Contemplating a career in law enforcement? A career in law enforcement can be highly rewarding, enabling individuals to make an impact in their communities, earn a great salary and potentially save lives. There is also ample room for career advancement and jobs in this sector are available in nearly every city across the country.
Before choosing a career path, it is important to understand the levels of operation in law enforcement and the types of jobs available.
Levels of Operation in Law Enforcement
- Local – Law enforcement professionals at a local level are responsible for enforcing the law in designated areas, such as towns or cities.
- County – Sheriffs and deputy sheriffs are generally responsible for maintaining law and order at a county level. In cities, there are police officers.
- State – Every state has troopers to enforce motor vehicle laws and patrol the highways.
- Federal – Several law enforcement agencies operate at a federal level, including the FBI and specialized federal agencies, such as the Secret Service, Federal Air Marshals, U.S. Border Patrol agents, Custom Inspectors and U.S. Drug Enforcement Agency (DEA).
Several Types of Law Enforcement Career Paths
1. Police Officers
Police officers are responsible for ensuring laws are enforced in an effort to maintain public safety and protect their communities, as well as preventing and responding to local criminal activities. Police officers are often the first to respond to emergency situations and serve a role in investigating crimes, collecting evidence, interviewing witnesses and preparing detailed reports.
2. State Troopers
A state trooper is a type of law enforcement professional typically employed by a state agency. State troopers are responsible for enforcing criminal laws and traffic on state-regulated highways, as well as assisting with evacuations and detours. They may also respond to emergencies that occur on state highways that involve motorists.
3. Border Patrol Agents
Border patrol agents impose federal laws upon individuals and goods that cross international borders between the United States and Canada or Mexico. They are responsible for screening illegal immigrants who enter the country, countering potential acts of terrorism and preventing unlawful shipments and drug smuggling.
4. Fish and Game Wardens
Fish and game wardens are responsible for managing and monitoring wildlife, such as apprehending poachers. Their main priority is to protect wildlife, enforce hunting, fishing and boating laws, and patrol rivers, lakes, coastlines, wetlands, deserts, beaches and the backcountry for safety. A fish and game warden may serve a state or federal agency.
5. Criminal Investigators
A criminal investigator serves a critical role in the criminal justice system. These law enforcement professionals follow leads, interview many people, and collect evidence to help solve crimes. In some instances, a criminal investigator will specialize in a certain area, such as a specific type of crime or a particular area, such as forensic science. They usually begin their careers as deputies or troopers and become investigators as they gain valuable experience.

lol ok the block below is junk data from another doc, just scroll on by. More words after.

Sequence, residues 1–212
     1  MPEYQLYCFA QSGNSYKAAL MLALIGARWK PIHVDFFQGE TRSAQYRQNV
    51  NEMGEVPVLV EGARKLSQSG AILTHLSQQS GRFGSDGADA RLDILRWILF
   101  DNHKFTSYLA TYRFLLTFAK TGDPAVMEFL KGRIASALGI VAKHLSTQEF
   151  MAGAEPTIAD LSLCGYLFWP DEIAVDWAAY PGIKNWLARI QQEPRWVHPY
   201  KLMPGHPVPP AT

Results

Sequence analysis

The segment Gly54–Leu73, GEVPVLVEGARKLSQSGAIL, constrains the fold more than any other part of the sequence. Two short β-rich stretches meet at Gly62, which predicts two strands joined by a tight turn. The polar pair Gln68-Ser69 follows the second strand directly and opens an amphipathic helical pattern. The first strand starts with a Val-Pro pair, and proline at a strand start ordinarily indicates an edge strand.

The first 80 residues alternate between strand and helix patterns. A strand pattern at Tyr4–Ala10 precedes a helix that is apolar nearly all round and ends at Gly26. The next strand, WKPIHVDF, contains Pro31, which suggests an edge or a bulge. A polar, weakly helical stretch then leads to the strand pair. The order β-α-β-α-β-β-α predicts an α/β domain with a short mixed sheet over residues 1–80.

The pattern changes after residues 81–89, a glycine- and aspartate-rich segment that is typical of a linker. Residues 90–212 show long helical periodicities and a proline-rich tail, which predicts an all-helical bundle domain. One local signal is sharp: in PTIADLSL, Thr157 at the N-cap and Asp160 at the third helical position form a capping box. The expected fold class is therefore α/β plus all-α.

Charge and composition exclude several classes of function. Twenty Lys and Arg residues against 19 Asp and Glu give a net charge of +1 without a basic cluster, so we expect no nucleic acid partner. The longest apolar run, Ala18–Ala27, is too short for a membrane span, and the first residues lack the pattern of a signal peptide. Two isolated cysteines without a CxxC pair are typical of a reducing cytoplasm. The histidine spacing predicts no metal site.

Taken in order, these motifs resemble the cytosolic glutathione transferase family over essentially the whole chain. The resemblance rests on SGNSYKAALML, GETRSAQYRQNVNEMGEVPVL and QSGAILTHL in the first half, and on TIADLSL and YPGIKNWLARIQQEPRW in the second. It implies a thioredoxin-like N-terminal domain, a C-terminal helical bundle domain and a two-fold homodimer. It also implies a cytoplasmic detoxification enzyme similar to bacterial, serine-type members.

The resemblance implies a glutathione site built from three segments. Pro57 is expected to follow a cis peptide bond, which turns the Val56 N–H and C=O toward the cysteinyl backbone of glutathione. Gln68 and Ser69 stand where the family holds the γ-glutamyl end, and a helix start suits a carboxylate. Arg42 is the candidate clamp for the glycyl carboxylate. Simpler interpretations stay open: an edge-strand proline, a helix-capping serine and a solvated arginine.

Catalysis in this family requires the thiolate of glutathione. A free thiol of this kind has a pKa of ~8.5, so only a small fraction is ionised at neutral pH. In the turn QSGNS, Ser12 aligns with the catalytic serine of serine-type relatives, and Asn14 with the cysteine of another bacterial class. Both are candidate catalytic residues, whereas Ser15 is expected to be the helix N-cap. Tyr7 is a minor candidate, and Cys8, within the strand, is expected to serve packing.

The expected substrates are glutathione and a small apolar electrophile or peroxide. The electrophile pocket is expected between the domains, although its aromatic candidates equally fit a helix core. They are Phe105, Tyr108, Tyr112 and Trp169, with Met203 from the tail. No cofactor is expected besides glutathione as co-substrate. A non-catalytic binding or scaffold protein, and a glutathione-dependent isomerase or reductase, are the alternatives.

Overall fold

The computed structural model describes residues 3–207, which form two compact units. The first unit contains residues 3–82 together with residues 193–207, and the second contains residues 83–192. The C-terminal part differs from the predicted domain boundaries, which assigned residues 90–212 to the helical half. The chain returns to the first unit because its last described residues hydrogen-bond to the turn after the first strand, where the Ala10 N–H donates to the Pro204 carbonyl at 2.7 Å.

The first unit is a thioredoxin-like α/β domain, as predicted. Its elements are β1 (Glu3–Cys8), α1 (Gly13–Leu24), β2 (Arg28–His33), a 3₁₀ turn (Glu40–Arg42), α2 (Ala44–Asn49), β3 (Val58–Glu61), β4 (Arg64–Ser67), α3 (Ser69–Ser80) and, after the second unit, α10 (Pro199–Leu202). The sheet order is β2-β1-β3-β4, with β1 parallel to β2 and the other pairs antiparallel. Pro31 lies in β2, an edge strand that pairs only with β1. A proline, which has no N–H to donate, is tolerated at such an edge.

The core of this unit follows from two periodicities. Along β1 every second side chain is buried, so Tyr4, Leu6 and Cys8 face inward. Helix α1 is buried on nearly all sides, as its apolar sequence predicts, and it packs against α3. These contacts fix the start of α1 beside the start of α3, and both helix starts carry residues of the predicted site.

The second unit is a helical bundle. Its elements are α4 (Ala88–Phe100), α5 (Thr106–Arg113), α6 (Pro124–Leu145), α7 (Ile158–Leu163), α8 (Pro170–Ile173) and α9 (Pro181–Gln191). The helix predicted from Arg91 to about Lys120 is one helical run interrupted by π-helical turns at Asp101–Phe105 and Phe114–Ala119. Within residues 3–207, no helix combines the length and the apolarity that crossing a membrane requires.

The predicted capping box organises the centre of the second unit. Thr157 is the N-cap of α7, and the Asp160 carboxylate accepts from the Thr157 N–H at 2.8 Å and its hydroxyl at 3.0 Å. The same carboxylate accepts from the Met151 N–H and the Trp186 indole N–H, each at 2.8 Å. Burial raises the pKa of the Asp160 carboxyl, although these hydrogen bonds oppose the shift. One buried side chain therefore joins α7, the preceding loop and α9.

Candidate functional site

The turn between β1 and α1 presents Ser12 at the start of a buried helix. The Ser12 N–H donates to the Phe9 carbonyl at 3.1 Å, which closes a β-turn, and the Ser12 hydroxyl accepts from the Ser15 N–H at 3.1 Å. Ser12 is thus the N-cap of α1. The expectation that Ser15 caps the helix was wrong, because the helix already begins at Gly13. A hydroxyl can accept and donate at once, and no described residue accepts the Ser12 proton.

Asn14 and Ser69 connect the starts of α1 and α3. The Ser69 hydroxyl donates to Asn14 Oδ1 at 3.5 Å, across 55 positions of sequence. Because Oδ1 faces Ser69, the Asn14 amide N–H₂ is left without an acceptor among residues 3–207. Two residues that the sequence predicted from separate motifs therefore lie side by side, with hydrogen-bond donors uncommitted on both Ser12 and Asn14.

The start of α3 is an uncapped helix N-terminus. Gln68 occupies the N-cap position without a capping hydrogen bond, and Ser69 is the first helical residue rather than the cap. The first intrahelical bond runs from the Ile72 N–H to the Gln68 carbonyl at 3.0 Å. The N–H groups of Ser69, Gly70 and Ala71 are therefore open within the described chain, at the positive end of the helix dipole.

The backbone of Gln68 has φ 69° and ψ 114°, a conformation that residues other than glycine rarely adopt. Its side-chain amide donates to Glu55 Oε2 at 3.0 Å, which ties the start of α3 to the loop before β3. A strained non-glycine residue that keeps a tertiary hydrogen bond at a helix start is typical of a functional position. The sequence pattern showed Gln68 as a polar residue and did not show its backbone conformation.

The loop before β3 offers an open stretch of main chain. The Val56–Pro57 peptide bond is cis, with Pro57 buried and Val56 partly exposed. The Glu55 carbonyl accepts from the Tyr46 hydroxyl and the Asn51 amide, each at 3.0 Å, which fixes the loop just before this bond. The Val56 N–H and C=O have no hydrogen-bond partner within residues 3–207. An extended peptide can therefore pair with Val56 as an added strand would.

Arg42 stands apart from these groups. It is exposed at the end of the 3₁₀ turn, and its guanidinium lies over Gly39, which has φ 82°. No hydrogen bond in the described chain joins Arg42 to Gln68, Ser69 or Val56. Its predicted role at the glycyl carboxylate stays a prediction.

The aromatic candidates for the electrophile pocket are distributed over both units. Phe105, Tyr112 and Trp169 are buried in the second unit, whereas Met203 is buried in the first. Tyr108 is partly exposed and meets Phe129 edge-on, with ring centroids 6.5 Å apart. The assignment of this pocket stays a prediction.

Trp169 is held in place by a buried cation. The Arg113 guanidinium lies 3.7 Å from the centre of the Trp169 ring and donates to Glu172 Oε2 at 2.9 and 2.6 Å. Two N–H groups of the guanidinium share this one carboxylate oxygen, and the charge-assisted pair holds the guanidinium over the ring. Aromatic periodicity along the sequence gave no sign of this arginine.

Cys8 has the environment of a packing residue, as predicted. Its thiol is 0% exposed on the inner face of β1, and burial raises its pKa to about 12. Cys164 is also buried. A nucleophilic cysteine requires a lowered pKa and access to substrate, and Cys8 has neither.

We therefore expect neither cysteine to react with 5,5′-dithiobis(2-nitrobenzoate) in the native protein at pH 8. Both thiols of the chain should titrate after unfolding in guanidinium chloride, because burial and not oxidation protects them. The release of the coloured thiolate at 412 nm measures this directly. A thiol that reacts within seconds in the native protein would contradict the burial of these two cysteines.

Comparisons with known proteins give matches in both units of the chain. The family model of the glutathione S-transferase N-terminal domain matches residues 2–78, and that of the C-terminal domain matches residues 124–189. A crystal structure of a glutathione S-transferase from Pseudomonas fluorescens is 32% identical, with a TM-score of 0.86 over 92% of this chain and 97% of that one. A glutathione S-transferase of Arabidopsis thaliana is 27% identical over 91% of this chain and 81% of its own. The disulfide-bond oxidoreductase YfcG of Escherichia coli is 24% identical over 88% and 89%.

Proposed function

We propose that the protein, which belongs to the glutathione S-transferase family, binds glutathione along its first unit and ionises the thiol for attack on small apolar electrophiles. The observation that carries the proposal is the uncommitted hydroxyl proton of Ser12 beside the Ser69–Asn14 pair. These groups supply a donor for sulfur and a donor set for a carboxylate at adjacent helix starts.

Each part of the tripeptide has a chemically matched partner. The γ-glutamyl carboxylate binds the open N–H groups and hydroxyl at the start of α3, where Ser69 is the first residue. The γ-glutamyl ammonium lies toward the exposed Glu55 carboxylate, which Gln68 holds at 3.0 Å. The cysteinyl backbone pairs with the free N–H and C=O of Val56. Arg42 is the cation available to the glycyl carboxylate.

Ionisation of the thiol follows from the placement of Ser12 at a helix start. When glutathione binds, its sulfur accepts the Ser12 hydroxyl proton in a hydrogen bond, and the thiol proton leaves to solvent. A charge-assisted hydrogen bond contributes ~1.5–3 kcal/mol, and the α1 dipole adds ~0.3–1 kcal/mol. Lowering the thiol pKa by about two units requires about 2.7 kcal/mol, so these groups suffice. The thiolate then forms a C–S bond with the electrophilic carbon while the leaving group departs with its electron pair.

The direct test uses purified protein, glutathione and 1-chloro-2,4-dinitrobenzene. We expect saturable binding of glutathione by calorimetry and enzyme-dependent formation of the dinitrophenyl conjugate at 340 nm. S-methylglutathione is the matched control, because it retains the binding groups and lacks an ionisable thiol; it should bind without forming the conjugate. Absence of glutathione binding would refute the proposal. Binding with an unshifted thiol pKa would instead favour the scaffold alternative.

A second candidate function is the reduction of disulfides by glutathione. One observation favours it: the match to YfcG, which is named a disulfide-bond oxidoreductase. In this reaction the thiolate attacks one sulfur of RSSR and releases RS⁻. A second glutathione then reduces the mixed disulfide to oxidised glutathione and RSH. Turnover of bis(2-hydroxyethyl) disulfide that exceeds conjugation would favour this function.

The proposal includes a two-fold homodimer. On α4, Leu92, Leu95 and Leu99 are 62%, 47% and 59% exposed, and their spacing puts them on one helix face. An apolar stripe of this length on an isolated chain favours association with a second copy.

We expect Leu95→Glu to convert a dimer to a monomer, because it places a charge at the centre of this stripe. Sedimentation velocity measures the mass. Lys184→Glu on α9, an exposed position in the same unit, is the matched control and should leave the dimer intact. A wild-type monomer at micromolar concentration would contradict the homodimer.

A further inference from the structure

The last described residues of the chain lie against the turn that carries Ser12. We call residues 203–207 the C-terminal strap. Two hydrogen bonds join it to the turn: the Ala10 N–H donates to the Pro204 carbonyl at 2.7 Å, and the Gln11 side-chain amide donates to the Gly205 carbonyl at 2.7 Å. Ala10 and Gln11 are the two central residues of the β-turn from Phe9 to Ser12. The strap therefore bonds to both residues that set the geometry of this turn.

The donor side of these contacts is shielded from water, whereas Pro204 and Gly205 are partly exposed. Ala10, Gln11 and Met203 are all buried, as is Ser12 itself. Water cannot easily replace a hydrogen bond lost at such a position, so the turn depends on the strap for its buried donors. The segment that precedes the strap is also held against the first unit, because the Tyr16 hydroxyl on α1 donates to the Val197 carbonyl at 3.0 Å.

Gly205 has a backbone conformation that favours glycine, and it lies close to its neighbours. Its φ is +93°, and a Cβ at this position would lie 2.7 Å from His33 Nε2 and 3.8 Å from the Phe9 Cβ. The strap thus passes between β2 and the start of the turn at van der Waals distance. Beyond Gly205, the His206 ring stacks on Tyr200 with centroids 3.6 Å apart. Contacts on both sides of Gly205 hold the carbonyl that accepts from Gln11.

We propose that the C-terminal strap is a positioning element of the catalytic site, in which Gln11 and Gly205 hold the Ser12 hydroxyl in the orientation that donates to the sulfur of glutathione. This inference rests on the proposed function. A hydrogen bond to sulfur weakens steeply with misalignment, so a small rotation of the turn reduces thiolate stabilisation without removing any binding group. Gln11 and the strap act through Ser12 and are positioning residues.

6. FBI Agents
The main objective of an FBI agent is to protect the security and political interests of the United States. Their agents often collect intelligence about threats to national security and investigate crimes and use a variety of tools to perform their duties, such as confidential informants, surveillance and online monitoring. The daily tasks of an FBI agent depend on their specialty such as cybercrimes and financial fraud.
7. Air Marshals
Air marshals serve an important role in keeping passengers safe on airplanes. These highly trained professionals are tasked with keeping crew and passengers safe from potential criminal or terrorist threats. They also participate in multi-agency task forces to proactively fight against crime in connection with aviation.
8. Immigration Inspectors
An immigration inspector inspects and investigates individuals, common carrier goods and merchandise that arrives or departs from the U.S. or between states. The primary goal of these law enforcement professionals is to identify violations of immigration or customs laws and regulations.
9. Support Positions
Law enforcement has many different support positions that are generally a part of a larger agency or crime lab. Some of the most common support positions in law enforcement include crime analysts, firearms examiners, investigative assistants, evidence technicians, handwriting examiners and intelligence analysts.
IT Solutions for the Law Enforcement Industry
Regardless of the law enforcement career path that a person chooses to take, it is important to be aware of the systems and software used by local and state law enforcement departments across the U.S.
CPI OpenFox is a leader in modern law enforcement software and data-sharing solutions. Contact CPI today at (630) 547-3088 to learn more about our law enforcement solutions or schedule a consultation online.